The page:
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Beyoncé and Jay-Z make it an emotional family affair at GLAAD Media Awards

Beyoncé and Jay-Z make it an emotional family affair at GLAAD Media Awards
Jay-Z and Beyoncé, seen at 2015's Costume Institute Benefit Gala, were honored at Thursday's GLAAD Media Awards. (Mike Coppola / Getty Images)

It was an emotional night at the Beverly Hilton for Jay-Z and Beyoncé, who accepted an award for being allies to the LGBTQ community.

At Thursday night’s 30th GLAAD Media Awards, the power couple delivered a touching speech honoring family while accepting the human-rights organization’s Vanguard Award.

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“Life, this journey, is filled with highs, lows and a lot of learning,” Jay-Z said to the sold-out crowd of more than a thousand, who collectively raised more than $2.5 million for charity.

The rapper thanked GLAAD and his mother, Gloria Carter, who received last year’s Special Recognition Award for her role in “Smile,” Jay-Z’s song that documented her coming out as a lesbian. “I’m following in her footsteps of spreading love and acceptance,” he said at the podium.

Then Beyoncé, resplendent in black, delivered her part of the speech. She said she felt “overwhelmed” by the recognition and thanked their several presenters, which included stylist Ty Hunter, trans director Janet Mock and actress, writer and producer Lena Waithe.

“The LGBTQI community has always supported us and lifted us up, and we thank you guys,” said Queen Bey, who shared a few images of the couple with their award on her Instagram account Friday morning.

“We’re here to promote love for every human being, and change starts from supporting the people closest to you,” she added. “So let’s tell them they are loved. Let’s remind them they are beautiful. Let’s speak out and protect them. And parents, let’s love our kids in their truest form.”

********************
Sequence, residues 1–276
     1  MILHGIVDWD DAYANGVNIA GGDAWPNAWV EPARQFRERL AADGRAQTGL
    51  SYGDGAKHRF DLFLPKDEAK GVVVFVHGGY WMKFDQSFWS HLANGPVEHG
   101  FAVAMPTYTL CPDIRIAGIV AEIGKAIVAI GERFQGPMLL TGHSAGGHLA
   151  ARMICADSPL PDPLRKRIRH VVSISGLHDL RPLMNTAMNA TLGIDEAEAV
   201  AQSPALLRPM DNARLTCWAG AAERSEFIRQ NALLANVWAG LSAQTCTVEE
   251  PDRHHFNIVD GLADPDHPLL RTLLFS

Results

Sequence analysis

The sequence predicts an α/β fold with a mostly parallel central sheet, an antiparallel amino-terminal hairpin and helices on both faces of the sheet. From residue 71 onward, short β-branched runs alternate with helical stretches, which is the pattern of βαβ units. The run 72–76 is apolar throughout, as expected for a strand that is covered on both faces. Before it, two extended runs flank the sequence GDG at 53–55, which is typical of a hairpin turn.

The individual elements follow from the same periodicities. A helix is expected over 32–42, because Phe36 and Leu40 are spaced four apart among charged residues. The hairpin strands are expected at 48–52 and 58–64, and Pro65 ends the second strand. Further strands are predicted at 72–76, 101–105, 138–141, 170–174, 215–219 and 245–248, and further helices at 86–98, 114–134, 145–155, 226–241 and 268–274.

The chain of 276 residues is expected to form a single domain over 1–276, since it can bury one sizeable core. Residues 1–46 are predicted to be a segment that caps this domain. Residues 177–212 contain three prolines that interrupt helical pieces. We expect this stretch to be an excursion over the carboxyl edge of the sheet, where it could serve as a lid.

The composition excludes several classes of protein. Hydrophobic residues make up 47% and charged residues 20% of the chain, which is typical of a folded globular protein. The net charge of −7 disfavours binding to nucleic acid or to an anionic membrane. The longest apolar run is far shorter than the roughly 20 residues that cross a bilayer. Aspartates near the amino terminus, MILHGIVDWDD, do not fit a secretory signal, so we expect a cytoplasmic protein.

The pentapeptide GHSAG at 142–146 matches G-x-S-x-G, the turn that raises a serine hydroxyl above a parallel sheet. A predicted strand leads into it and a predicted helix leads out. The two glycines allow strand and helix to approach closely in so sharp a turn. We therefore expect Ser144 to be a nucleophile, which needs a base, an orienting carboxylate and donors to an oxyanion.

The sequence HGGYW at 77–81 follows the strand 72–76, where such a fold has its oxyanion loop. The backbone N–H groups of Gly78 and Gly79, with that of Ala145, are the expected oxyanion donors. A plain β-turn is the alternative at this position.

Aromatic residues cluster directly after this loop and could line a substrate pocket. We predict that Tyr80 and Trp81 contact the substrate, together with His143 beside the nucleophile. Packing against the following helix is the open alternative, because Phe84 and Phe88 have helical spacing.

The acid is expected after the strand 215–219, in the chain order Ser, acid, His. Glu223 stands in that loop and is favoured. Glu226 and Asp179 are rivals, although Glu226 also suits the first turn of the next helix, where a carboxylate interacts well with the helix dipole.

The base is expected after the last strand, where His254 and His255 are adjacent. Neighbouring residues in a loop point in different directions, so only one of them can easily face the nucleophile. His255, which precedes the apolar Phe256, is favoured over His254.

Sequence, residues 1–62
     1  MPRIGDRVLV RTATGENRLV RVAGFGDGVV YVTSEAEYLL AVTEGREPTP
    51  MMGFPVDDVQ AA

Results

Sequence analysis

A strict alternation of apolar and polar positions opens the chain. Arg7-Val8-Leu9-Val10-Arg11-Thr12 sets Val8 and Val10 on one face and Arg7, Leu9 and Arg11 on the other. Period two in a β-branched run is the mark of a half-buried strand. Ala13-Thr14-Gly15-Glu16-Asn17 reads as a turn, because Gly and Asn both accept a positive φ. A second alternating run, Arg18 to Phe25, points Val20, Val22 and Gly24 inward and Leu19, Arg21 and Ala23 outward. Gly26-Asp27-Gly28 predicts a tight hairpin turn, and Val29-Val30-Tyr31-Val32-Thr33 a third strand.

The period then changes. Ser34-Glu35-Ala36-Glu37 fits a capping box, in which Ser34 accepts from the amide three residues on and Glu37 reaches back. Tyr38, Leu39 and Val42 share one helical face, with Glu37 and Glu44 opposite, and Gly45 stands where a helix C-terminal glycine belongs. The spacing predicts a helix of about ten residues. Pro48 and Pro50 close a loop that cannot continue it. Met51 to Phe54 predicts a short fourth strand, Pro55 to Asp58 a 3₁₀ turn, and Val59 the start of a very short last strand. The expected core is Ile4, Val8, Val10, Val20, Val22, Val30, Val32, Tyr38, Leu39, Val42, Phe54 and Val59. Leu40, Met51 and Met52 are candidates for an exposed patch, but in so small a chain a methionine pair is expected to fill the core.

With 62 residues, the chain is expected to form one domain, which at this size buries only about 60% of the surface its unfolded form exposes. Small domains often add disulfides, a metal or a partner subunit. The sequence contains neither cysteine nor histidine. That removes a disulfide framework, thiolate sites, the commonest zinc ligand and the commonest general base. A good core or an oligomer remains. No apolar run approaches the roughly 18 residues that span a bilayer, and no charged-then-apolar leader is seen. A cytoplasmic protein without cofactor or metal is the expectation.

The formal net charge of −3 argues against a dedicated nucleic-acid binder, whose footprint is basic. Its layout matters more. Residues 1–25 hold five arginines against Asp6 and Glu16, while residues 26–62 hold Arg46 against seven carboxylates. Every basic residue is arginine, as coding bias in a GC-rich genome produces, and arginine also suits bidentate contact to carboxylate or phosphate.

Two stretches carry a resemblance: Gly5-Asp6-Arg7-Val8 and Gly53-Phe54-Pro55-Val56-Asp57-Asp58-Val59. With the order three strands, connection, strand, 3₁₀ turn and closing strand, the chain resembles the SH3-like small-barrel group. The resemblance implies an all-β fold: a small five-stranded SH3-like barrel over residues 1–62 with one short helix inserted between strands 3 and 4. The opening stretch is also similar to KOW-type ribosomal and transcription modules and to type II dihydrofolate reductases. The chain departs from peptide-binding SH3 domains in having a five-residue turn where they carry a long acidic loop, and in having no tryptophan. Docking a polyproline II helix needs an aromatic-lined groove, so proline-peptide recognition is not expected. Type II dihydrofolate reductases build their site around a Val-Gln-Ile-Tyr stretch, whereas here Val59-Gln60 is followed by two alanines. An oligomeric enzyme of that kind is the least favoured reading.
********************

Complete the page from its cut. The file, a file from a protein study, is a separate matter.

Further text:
Beyoncé dedicated the award to her Uncle Johnny, “the most fabulous gay man I’ve ever known .… He lived his truth. He was brave and unapologetic during a time when this country wasn’t as accepting.” Witnessing his battle with HIV was “one of the most painful experiences” of her life, she said.

She echoed the idea that brought everyone together at the event.

“LGBTQI rights are human rights. To choose who you love is your human right. How you identify and see yourself is your human right. Who you make love to and take that ass to Red Lobster is your human right!” she said to a cheering audience, making a lyric reference to her song “Formation.”

(Rich Fury / Getty Images)

But some would argue that Shangela Laquifa Wadley stole the night. The “RuPaul’s Drag Race” star stunned guests by lip synching and dancing to a medley of Beyoncé hits. The hair-flipping, seven-minute performance even earned the approval of Bey and her husband, who gave Shangela and her backup dancers a standing ovation.

Oscar-winning actress Allison Janney presented the evening’s other honoree, Sean Hayes, with the Stephen F. Kolzak Award, which is given to an openly LGBTQ person in the media or entertainment industry. Janney credited the “Will & Grace” star with “portraying one of the most iconic gay characters in television history.”

Accepting his award, Hayes joked with Janney about the difference between TV and film celebrities: “A movie star can get a reservation at any restaurant in town. A TV star can actually buy the restaurant,” he said.

Others from TV, film and sports on the star-studded guest list included Gwyneth Paltrow, Stephanie Beatriz, Jenifer Lewis, Joseph Gordon-Levitt, Jameela Jamil and Michelle Kwan.

Also in attendance were cast members from “Vida” (winner for outstanding comedy series), “Crazy Ex-Girlfriend,” “Dear White People,” “One Day at a Time,” “Queer Eye” (winner for outstanding reality program) and “Love, Simon” (winner for outstanding film in wide release).

Though Bryan Singer’s acclaimed Queen biopic, “Bohemian Rhapsody,” was a fan favorite for best movie, it was removed from consideration by GLAAD after Atlantic magazine published an exposé in January detailing sexual misconduct allegations against the director.

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At one point in the evening, GLAAD President and Chief Executive Sarah Kate Ellis noted the critical role media play in broader acceptance of LGBTQ people, especially when they advocate for inclusivity.

Ellis said society “will continue to embrace members of all marginalized communities and support them with the same pride and commitment that we feel for our own — responding to hate and injustice with empathy and respect.”

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